Caesarea Philippi (modern Banias), located 40 km north of the Sea of Galilee in the southwest foothills of Mount Hermon, was known for its grotto, red-rock bluff, forests, and springs. As Pan, the Greek god of pastoralism, was often worshipped in caves, it was perhaps natural that the first reference to this location (around 200 BCE) calls it “Panion,” a sanctuary to Pan. This location developed under different rulers, including King Herod and his son Philip. According to some gospel accounts, it was during Philip’s rule that Jesus and his disciples visited the district of Caesarea Philippi, Jesus asked his disciples “Who do you say that I am?,” and Peter recognized Jesus as the Messiah (Matt 16:13-20; Mark 8:27-30).
Every ruler of this location left his own mark. In 20 BCE, Emperor Augustus granted this location and the surrounding region to King Herod (40-4 BCE), who in gratitude built a marble temple near the grotto of Pan to honor the emperor. After Herod’s death, the region passed to Philip the tetrarch (4 BCE-33 CE), who established his capital here in 2 or 1 BCE. Philip, also seeking to honor Augustus, renamed the site “Caesarea”; in order to distinguish it from other cities named Caesarea, this site became known as “Caesarea Philippi” (that is, Caesarea of Philip). Because the sanctuary of Pan remained important in the city’s religious life, it was also called “Paneas.” Philip enlarged the city, and, during his rule, Caesarea Philippi served as an administrative center for the surrounding region.
The area was administered by the Romans (33-37 CE) until Emperor Caligula granted it to Agrippa I (37-44 CE). Like Philip, Agrippa minted coins with images conveying his kingdom’s prosperity, his close relationship with the imperial family, and the importance of the temple dedicated to the emperor. After another period under Roman administration (44-53 CE), Emperor Claudius granted this region to Agrippa II (53-93 C.E.), whose building projects at Banias included a magnificent palace. In 61 CE, Agrippa renamed the city “Neronias” in honor of Emperor Nero. This name was rarely used, and, after Nero’s death, the city was known as “Caesarea Philippi” or “Panias.” In the second and third centuries, the city was called “Caesarea Panias” and from the fourth century on, it was known simply as “Paneas” (Arabic changes the “p” to “b,” giving the modern name “Banias”).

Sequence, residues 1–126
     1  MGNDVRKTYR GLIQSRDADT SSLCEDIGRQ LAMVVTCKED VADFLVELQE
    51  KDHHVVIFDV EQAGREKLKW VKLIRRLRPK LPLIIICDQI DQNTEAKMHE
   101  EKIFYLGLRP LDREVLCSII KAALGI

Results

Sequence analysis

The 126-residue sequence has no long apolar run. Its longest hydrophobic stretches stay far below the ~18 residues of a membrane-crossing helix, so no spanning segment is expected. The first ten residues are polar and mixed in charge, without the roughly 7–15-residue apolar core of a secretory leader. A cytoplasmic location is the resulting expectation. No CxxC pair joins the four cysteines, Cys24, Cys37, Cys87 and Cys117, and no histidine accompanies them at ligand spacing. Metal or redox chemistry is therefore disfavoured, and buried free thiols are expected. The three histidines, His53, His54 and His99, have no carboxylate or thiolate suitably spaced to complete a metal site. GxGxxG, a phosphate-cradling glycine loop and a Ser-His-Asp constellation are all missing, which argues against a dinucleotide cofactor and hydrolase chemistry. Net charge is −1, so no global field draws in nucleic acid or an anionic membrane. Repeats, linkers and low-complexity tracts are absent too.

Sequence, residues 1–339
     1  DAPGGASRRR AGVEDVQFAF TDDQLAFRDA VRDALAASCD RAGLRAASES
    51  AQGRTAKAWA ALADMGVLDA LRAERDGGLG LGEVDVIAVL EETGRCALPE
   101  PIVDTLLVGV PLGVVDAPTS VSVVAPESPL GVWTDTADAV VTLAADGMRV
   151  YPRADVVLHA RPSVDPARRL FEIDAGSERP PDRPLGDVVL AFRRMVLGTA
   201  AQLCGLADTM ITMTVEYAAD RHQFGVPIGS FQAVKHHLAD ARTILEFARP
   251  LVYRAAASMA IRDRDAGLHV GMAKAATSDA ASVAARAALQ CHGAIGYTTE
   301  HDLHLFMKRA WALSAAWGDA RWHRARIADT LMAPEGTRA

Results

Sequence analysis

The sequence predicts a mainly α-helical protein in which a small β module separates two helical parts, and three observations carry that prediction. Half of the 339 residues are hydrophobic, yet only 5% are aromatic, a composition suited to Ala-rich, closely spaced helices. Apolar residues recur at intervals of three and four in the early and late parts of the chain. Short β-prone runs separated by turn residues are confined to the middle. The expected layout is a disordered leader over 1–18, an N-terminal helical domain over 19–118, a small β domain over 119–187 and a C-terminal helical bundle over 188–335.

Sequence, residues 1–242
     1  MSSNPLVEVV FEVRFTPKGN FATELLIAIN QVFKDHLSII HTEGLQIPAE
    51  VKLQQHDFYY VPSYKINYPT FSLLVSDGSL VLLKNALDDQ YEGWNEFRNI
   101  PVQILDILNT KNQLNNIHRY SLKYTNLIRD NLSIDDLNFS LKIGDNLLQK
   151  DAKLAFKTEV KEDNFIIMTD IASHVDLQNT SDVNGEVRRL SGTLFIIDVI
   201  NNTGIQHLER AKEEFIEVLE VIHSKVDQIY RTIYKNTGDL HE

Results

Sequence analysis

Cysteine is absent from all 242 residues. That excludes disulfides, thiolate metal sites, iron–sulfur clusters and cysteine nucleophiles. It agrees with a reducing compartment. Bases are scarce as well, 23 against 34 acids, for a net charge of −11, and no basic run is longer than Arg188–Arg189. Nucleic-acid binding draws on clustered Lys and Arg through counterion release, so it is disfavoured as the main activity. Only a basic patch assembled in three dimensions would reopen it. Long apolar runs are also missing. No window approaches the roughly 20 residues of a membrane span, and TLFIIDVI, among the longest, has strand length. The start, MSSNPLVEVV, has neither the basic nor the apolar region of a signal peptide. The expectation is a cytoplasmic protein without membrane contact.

During the early Byzantine period (fourth through sixth centuries CE), Banias was a Christian pilgrimage site; however, the city experienced a decline by the mid-fifth century CE. In 638 CE, Banias came under Muslim rule, with the exception of a short occupation by the Crusaders (1129-1163 CE). After the Crusades, Banias descended into obscurity until the nineteenth century. Modern explorations of this site began with U. J. Seetzen in 1806 and continued throughout the nineteenth and twentieth centuries. Since 1988, systematic archaeological excavations have been conducted in two areas: the sacred district (under the direction of Dr. Zvi Ma‘oz) and the city center (under Dr. Vassilios Tzaferis). Excavations have revealed that both areas saw construction and renovation projects over several centuries that reflected the settlement’s changing civic and religious life.
What has been discovered through the archaeological excavations at Banias?
The excavations at Banias have largely focused on the sacred district and the city center. At the west end of the sacred district is the natural grotto. Additions were made during the first through third centuries CE to the grotto’s east. These included: a limestone and marble temple (probably the one built by King Herod for Augustus); the Court of Pan and the Nymphs; the Temple of Zeus and Pan; the Court of Nemesis; the Tripartite Building (a building with three halls); and the Temple of Pan and the Goats. Finds included clay lamps, table vessels, and cooking vessels left by worshippers of Pan. Statues of Athena, Artemis, and Zeus or Asclepios once stood in the sanctuary and their marble fragments were discovered in a refuse pit.
The city center includes the first century CE Colonnaded Street and Agrippa II’s palace. In the second and third centuries CE, the palace was converted into a Roman bathhouse and an aqueduct of more than 3 km was constructed to supply the growing city with water. A cemetery (first to second century CE) and a Roman villa (third to fourth century CE) have also been excavated. Archaeological discoveries from later periods include the medieval synagogue/mosque and the Crusader citadel
What deities were worshiped at Banias?
Banias was quite religiously diverse. From at least the time of King Herod, several Jewish communities lived in the district of Banias. Frequent mentions of Banias in rabbinic literature reveal that several rabbis, including Rabbi Jose ben Kisma, Rabbi Yehudah bar Ilai, and Rabbi Abbahu, made their homes in this city in later centuries. The gospels place Jesus and his disciples in this region, and there is both literary and archaeological evidence that points to the presence of Christian groups at Banias from the late first century CE onward.
Banias, however, was better known for the worship of various Greek deities. The primary place belonged to Pan, who was worshiped at Banias from the third century BCE until the fourth or fifth century CE. Deities associated with Pan were also worshiped at Banias, including Pan’s father Hermes and the nymphs Maia and Echo. Zeus, Tyche, and Nemesis were honored at Banias, too. Given the loyalty of Banias’s rulers to the emperors, it is unsurprising that the Imperial Cult was prominent, as well.